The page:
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Archive for August, 2010

Psychological Stages of a RE Bubble Market

August 31, 2010 Leave a comment

Cool chart on behavioural dynamics applied to real-estate

I have added Canada to Barry’s chart which shows the relative position of US housing

Source: The Big Picture via Irvine Housing Blog

via The Big Picture.

CMHC revises 2010 and 2011 Resale House price forecast… yet again

August 31, 2010 Leave a comment

2010

CMHC released its quarterly housing forecast today and has changed for the 6th time, the forecast for 2010 average resale house prices!

Source: CMHC

Here is a chart showing the forecast for 2010 average resale price… the first forecast in Jan 2009 was for resale house prices in Canada to average $288100… compare that to the most recent forecast of $338900. (note the standard deviation of the forecast is $25500!)

CMHC expects resale house prices to increase in 2011

For 2011, the forecast hasn’t changed as the market conditions demand…CMHC still expects house prices to increase 1% in 2011… notwithstanding the fact that house prices have dropped about 5% the past 2 months…

Forecast Date 2011 Forecast Resale Price
01-Jan-10 $346700
01-Apr-10 $350800
31-Aug-10 $342200

Vacant Homes in U.S. = Canada Housing Stock x2

August 30, 2010 Leave a comment

i.e. Total number of houses in Canada = Half the number of Vacant homes in US. 

 

 

 Vacant Homes in U.S. = Canada Housing Stock x2

.

Comparison of House prices in Vancouver and San Francisco since 1990

August 24, 2010 Leave a comment

Source: Standard & Poors, Teranet House Price Index

What is the impact of new rules for lease accounting proposed by IASB & FASB?

August 23, 2010 1 comment

(This article is applicable to CFA Level 1 Candidates but is a good review for Level 2 candidates as well.)

A lease (e.g. lease to rent a machine to make widgets) can be reported on the financial statement as a capital lease or an operating lease depending on the accounting standards & the lease classification.  The key difference between the two is that a Capital lease is recorded on the balance sheet but an Operating lease is not… hence liabilities are lower.

IFRS definition:

A lease is classified as a finance lease if it transfers substantially all the risks and rewards incidental to ownership. A lease is classified as an operating lease if it does not transfer substantially all the risks and rewards incidental to ownership.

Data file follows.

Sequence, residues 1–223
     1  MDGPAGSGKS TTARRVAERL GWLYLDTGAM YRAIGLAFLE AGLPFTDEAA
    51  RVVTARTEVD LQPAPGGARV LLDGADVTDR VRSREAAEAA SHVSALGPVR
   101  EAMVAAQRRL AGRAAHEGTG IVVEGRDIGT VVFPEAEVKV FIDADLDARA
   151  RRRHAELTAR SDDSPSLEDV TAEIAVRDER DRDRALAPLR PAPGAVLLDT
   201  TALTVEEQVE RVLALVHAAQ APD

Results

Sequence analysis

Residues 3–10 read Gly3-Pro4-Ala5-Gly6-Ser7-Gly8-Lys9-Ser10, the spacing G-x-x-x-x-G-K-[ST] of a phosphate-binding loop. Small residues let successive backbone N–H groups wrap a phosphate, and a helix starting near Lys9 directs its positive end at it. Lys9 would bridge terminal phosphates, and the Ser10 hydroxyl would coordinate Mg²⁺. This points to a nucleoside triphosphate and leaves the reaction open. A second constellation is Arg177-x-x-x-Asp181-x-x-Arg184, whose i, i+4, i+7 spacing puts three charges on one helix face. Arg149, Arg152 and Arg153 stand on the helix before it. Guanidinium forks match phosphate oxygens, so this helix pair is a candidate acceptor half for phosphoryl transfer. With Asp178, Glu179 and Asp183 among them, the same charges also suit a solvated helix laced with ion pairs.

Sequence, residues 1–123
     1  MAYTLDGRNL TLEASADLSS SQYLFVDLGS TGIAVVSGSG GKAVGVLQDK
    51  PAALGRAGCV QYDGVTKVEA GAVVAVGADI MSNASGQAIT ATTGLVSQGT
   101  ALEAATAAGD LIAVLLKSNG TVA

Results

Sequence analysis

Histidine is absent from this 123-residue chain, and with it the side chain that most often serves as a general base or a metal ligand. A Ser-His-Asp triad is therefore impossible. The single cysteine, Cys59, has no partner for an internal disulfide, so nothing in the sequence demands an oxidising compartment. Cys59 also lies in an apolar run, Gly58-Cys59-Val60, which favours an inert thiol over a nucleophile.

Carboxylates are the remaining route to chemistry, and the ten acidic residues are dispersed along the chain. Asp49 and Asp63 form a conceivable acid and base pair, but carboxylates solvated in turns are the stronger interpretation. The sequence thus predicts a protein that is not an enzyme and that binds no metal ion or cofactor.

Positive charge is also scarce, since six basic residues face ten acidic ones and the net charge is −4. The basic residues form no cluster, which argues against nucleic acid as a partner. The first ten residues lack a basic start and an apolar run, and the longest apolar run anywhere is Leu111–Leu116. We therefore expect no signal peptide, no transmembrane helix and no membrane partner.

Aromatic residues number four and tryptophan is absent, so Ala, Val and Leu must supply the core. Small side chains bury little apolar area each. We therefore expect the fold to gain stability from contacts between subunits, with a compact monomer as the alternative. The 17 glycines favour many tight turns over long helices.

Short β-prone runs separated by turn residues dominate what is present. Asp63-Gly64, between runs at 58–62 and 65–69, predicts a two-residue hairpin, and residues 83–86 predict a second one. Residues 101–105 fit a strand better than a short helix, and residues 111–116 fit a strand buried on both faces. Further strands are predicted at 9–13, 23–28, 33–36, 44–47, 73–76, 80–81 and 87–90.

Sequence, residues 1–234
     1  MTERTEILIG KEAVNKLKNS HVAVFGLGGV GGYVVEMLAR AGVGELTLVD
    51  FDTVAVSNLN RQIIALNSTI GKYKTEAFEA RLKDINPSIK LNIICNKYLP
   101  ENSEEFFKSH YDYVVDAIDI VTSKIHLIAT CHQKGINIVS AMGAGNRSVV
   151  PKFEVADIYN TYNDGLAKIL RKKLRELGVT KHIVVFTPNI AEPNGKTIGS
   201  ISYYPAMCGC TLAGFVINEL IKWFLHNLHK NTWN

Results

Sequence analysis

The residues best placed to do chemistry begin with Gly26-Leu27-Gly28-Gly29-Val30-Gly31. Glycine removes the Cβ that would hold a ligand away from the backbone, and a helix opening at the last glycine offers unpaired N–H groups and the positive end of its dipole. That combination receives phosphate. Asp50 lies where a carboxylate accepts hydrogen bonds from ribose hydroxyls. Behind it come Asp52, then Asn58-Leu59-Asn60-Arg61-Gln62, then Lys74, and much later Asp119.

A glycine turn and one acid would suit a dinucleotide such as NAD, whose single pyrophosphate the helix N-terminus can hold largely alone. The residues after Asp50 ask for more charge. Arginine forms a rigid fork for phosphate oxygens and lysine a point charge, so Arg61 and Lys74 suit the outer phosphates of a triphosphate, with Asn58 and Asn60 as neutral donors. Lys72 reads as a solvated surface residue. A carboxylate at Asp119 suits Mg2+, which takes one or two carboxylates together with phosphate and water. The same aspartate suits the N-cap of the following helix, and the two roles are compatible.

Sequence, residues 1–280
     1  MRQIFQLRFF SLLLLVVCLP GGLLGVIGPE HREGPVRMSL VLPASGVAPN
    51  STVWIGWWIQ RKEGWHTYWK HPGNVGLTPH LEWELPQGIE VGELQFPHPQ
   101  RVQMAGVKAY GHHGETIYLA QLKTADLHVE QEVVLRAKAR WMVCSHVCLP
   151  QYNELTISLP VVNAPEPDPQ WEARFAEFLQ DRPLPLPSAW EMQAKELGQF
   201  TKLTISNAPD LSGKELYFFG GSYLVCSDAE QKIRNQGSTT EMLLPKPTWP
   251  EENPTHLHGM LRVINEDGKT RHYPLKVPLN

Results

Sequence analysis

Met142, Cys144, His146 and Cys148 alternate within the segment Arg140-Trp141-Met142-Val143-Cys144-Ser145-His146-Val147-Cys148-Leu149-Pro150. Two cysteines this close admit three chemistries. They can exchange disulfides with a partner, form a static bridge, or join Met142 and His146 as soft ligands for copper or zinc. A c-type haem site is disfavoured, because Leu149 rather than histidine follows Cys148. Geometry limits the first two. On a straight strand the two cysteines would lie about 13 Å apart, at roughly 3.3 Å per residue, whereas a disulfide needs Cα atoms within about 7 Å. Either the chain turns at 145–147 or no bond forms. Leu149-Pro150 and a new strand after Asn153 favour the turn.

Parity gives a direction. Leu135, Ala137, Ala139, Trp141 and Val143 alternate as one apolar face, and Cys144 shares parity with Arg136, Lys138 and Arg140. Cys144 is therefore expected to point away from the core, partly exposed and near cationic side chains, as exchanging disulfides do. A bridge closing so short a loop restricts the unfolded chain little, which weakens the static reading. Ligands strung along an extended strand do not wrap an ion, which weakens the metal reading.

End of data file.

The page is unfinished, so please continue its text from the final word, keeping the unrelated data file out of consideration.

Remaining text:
FASB definition: If a lease meets one or more  of the following criteria, it is classified as a capital lease; otherwise it is classified as operating lease.

  • The [lease] agreement specifies that ownership of the asset transfers to the lessee.
  • The [lease] agreement contains a bargain purchase option.
  • The non-cancelable lease term is equal to 75% or more of the expected economic life of the asset.
  • The present value of the minimum lease payments is equal to or greater than 90% of the fair value of the asset.

What is the effect of choosing one lease classification type over another?

CAPITAL LEASE

OPERATING LEASE

Which lease reflects better metrics?

EFFECTS ON FINANCIAL STATEMENTS

Assets

Higher

Lower

-

Liabilities

Higher

Lower

-

Net Income (earlier years)

Lower

Higher

Operating

Cash Flow from Operations

Higher

Lower

Capital

Cash Flow from Financing

Lower

Higher

Operating

Total Cash Flow

Same

Same

-

Tax Savings

Higher

Lower

Capital

BALANCE SHEET RATIOS

Current Ratio

Lower

Higher

Operating

Working Capital

Lower

Higher

Operating

Asset Turnover

Lower

Higher

Operating

Debt-to-Equity Ratio

Higher

Lower

Operating

PROFITABILITY RATIOS

Return on Assets (ROA)

Lower

Higher

Operating

Return on Equity (ROE)

Lower

Higher

Operating

In summary, there are very few benefits of classifying a lease as capital lease vs operating lease.  Operating lease acts a means of off-balance sheet financing and perhaps as a way to hide debt.

A good financial analyst should adjust the financial statements by reclassifying operating lease as a capital lease.

The Economist comments on the proposed rule which essentially wants to bring all leases on the balance sheet and eliminate operating leases:

WHEN you lease something—a boat, a warehouse, a machine for making ball-bearings—you agree to pay for it bit by bit over time. So it is like incurring a debt, say the International Accounting Standards Board (IASB) and America’s Financial Accounting Standards Board (FASB). Therefore, it should be on your balance-sheet. This new rule, proposed on August 17th by the two regulators, has shocked companies everywhere. It is up for public comment until December, but could be enacted as soon as June next year.

A survey by PricewaterhouseCoopers, an accounting firm, found that it would add about 58% to the average company’s interest-bearing debt. Not only new leases but also existing ones would immediately be subject to the new rules. On the other hand, since rents will no longer be a running expense, operating earnings could see a bump upwards. But since the downturn, many companies are close to their maximum debt limits, and the new rules could push them over the edge. Small wonder they are howling.